DDX10 promotes the proliferation and metastasis of colorectal cancer cells via splicing RPL35
Cancer Cell International volume 22, Article number: 58 (2022)
Colorectal cancer (CRC) has become the second deadliest cancer in the world and severely threatens human health. An increasing number of studies have focused on the role of the RNA helicase DEAD-box (DDX) family in CRC. However, the mechanism of DDX10 in CRC has not been elucidated.
In our study, we analysed the expression data of CRC samples from the Gene Expression Omnibus (GEO) and The Cancer Genome Atlas (TCGA) databases. Subsequently, we performed cytological experiments and animal experiments to explore the role of DDX10 in CRC cells. Furthermore, we performed Gene Ontology (GO)/Kyoto Encyclopedia of Genes and Genomes (KEGG) enrichment analysis and protein–protein interaction (PPI) network analyses. Finally, we predicted the interacting protein of DDX10 by LC–MS/MS and verified it by coimmunoprecipitation (Co-IP) and qPCR.
In the present study, we identified that DDX10 mRNA was extremely highly expressed in CRC tissues compared with normal colon tissues in the TCGA and GEO databases. The protein expression of DDX10 was measured by immunochemistry (IHC) in 17 CRC patients. The biological roles of DDX10 were explored via cell and molecular biology experiments in vitro and in vivo and cell cycle assays. We found that DDX10 knockdown markedly reduced CRC cell proliferation, migration and invasion. Then, we constructed a PPI network with the Search Tool for the Retrieval of Interacting Genes/Proteins (STRING). GO and KEGG enrichment analysis and gene set enrichment analysis (GSEA) showed that DDX10 was closely related to RNA splicing and E2F targets. Using LC–MS/MS and Co-IP assays, we discovered that RPL35 is the interacting protein of DDX10. In addition, we hypothesize that RPL35 is related to the E2F pathway and the immune response in CRC.
In conclusion, provides a better understanding of the molecular mechanisms of DDX10 in CRC and provides a potential biomarker for the diagnosis and treatment of CRC.
Colorectal cancer (CRC) is the most common and second most deadliest malignant tumour of the digestive system worldwide . Every year, patients newly diagnosed with CRC account for 10% of newly diagnosed cancer patients worldwide. Similarly, CRC accounts for 10% of cancer-related deaths . In the past 20 years, with the progress of imaging technology and treatment strategies, the five-year survival rate of CRC has risen to 65%. However, the situations of patients with advanced CRC remain dismal. The two-year survival rate of patients with advanced CRC is only approximately 20–30%. Tumour metastasis is still the main cause of death for patients with this condition [2, 3]. Therefore, reducing the proliferation and development of CRC cells has always been a difficult problem for medical workers.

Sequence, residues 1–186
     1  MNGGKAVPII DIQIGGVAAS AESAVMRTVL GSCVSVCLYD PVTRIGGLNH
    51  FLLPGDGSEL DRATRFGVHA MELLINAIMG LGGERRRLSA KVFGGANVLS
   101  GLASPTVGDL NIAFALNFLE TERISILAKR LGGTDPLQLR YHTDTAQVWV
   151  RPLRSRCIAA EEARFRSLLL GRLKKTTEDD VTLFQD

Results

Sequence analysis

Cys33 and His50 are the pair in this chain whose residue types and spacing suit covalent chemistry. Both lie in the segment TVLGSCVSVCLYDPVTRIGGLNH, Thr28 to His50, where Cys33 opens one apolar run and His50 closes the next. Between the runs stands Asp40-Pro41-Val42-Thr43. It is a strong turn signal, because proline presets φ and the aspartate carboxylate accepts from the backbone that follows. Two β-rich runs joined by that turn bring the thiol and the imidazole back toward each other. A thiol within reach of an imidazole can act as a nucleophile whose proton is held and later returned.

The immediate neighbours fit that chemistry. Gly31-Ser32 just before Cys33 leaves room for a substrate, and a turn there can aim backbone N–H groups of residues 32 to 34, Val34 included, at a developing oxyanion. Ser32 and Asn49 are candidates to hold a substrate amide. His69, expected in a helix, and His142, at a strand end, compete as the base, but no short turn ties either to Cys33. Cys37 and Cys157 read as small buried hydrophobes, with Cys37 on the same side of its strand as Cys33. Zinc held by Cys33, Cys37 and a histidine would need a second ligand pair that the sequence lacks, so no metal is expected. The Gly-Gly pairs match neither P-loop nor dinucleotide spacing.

In the past, research on the mechanism of tumour invasion and metastasis was mainly performed at the tissue and cellular levels. However, thanks to the rapid development of microarray and RNA sequencing (RNA-seq) technology, we began to carry out cancer research at the RNA level. In recent years, RNA helicases have attracted increasing attention from scientists. RNA helicases are enzymes that hydrolyse ATP to dissociate it from RNA and are mainly involved in RNA maturation, splicing and nuclear export processes . Depending on their function and mechanism, RNA helicases are divided into different families. The RNA helicase DEAD-box (DDX) family belongs to superfamily 2, which is named because of its highly conserved amino acid sequence (Asp-Glu-Ala-Asp/His) . There is a conserved core domain among DDX family members. This domain contains nine conserved motifs, including the most typical DEAD motif. These motifs endow DDX family members with ATP metabolism and RNA unwinding activities, which makes them RNA helicases. Many studies have proven that DDX family members play a crucial role in almost all steps of mRNA formation and translation . Moreover, an increasing number of studies have proven that members of the DDX family are closely related to the proliferation and metastasis of tumour cells. For instance, DDX1 can affect the occurrence and metastasis of breast cancer, cervical cancer and colorectal cancer [7,8,9,10,11]. DDX5 is related to the progression of different tumours, such as breast cancer, colon cancer and multiple myeloma [12,13,14,15,16,17,18,19,20]. DDX10 promotes the proliferation of breast cancer, osteosarcoma and ovarian cancer cells [21,22,23]. Interestingly, we found that many members of the DDX family affect the invasion and metastasis of CRC [11, 24,25,26,27,28], but no study has focused on the effect of DDX10 on the prognosis of CRC. Because the structure and function of DDX family members are similar, we speculated that DDX10 is a key factor affecting the prognosis of CRC.